Velocity Reviews - Computer Hardware Reviews

Velocity Reviews > Newsgroups > Programming > C++ > gcc version 3.2.3 20030502 (Red Hat Linux 3.2.3-34)

Reply
Thread Tools

gcc version 3.2.3 20030502 (Red Hat Linux 3.2.3-34)

 
 
nymano
Guest
Posts: n/a
 
      08-26-2005
Hi.

Could someone please lend me a hand with a simple g++ problem.
Be so kind and consider the following code:

class A
{
public:
A() {}
};

int main()
{
(A());
return 0;
}

Yields the following error using g++:

In function `int main()':
syntax error before `;' token

It seems to me, the compiler considers (A()) to be a cast rather than a
constructor? Does this g++ "misbehaviour" conform to the C++ standard
or is this a bug in g++?

thanks in advance,
Stoyan.

 
Reply With Quote
 
 
 
 
Moritz Beller
Guest
Posts: n/a
 
      08-26-2005
On 26 Aug 2005 02:48:30 -0700
"nymano" <(E-Mail Removed)> wrote:

> class A
> {
> public:
> A() {}
> };
>
> int main()
> {
> (A());


You are calling function void A(void) here!

For a constructor to be called you need to properly create an object of
class A:

A objectOfClassA;

The call for objectOfClassA's default constructor is implicit here,
by which I mean that the compiler automatically calls it when creating
an object of class A!

best regards / Gruß
Moritz Beller
--
web http://www.4momo.de
mail momo dot beller at t-online dot de
gpgkey http://gpg.notlong.com
 
Reply With Quote
 
 
 
 
nymano
Guest
Posts: n/a
 
      08-26-2005
The code I posted is an example constructed only to illustrate the
problem. I'm NOT trying to declare a local variable.

Let me rephrase. The following statements create temporary ints. The
first statement uses the default constructor:

int();
int(1);

However, putting brackets around these expressions causes the error:

(int());
(int(1));

Only the expression with the default constructor causes the error. The
second statement compiles fine. Why is that so with g++? Other
compilers (mvsc, ibm/zos) have no problem.

stoyan.

 
Reply With Quote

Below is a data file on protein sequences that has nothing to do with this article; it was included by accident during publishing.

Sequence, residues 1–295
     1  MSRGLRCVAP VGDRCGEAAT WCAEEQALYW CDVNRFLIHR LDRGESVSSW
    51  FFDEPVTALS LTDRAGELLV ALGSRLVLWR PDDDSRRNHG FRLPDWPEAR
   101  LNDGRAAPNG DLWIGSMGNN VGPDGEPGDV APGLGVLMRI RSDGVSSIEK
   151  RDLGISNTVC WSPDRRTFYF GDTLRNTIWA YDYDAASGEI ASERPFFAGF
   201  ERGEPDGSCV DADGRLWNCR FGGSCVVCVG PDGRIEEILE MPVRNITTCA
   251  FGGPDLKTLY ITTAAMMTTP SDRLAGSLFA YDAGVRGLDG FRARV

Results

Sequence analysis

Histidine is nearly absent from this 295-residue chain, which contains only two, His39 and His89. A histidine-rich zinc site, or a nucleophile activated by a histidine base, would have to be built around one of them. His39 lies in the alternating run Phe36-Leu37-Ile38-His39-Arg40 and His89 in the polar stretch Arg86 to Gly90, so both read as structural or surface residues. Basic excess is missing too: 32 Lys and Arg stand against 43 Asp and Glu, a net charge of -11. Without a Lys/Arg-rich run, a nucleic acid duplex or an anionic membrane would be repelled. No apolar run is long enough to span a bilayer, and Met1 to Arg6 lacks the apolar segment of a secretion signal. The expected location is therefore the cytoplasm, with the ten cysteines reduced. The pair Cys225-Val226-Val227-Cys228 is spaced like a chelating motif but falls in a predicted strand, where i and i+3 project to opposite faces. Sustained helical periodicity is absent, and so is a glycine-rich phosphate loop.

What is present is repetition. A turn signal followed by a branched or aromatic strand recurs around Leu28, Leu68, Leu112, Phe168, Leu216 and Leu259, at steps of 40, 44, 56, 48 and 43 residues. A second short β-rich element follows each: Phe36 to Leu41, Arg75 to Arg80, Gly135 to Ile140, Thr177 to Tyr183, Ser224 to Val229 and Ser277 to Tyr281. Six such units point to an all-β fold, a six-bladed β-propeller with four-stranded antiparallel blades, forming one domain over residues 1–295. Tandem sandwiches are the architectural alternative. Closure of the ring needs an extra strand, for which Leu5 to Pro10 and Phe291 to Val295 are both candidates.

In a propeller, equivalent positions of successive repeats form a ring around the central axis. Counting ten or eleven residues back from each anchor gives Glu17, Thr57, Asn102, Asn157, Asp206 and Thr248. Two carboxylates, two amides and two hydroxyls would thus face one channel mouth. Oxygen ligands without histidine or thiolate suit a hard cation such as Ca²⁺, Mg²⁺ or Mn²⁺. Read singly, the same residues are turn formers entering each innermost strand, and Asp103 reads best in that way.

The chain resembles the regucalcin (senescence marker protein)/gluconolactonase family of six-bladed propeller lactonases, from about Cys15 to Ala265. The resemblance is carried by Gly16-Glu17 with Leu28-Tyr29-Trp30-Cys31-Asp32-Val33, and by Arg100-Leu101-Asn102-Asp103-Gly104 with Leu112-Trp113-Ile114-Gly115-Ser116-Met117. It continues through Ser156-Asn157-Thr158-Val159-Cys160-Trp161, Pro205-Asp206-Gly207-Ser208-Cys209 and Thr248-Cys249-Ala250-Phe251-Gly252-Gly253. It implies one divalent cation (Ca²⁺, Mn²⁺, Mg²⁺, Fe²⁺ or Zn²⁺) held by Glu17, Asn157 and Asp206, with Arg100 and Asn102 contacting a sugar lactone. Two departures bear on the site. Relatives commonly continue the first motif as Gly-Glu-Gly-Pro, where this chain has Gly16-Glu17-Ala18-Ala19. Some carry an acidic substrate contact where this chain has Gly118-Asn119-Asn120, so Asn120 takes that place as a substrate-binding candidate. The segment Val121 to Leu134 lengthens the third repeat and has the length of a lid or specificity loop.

nymano
Guest
Posts: n/a
 
      08-26-2005
No. Actually I am not calling a function void A(void) here put creating
a temporary object A. Please consult a C++ book on temporary objects.

 
Reply With Quote
 
Sumit Rajan
Guest
Posts: n/a
 
      08-26-2005

"nymano" <(E-Mail Removed)> wrote in message
news:(E-Mail Removed) oups.com...
> Hi.
>
> Could someone please lend me a hand with a simple g++ problem.
> Be so kind and consider the following code:
>
> class A
> {
> public:
> A() {}
> };
>
> int main()
> {
> (A());
> return 0;
> }
>
> Yields the following error using g++:


Which version? Using g++ 3.4.2, it compiles successfully.

> In function `int main()':
> syntax error before `;' token
>
> It seems to me, the compiler considers (A()) to be a cast rather than a
> constructor? Does this g++ "misbehaviour" conform to the C++ standard
> or is this a bug in g++?


I suspect it is a bug in the version of g++ that you are currently using.
Also, the code has managed to compile with the other compilers I have put it
through -- MSVC++ 7.1 and Comeau C++ 4.3.3.

Regards,
Sumit.
--
Sumit Rajan <(E-Mail Removed)>


 
Reply With Quote
 
Marc Mutz
Guest
Posts: n/a
 
      08-26-2005
nymano wrote:
<snip>
> Only the expression with the default constructor causes
> the error. The second statement compiles fine. Why is
> that so with g++? Other compilers (mvsc, ibm/zos) have
> no problem.

<snip>

Data point:

--foo.cpp--
int main() {
( int() );
( int( 1 ) );
}
--end foo.cpp--

for v in 2.95 3.{0,2,3,4} 4.0; do
echo $v:
g++-$v -o foo.{o,cpp}
done
2.95:
foo.cpp: In function `int main()':
foo.cpp:2: parse error before `;'
3.0:
foo.cpp: In function `int main()':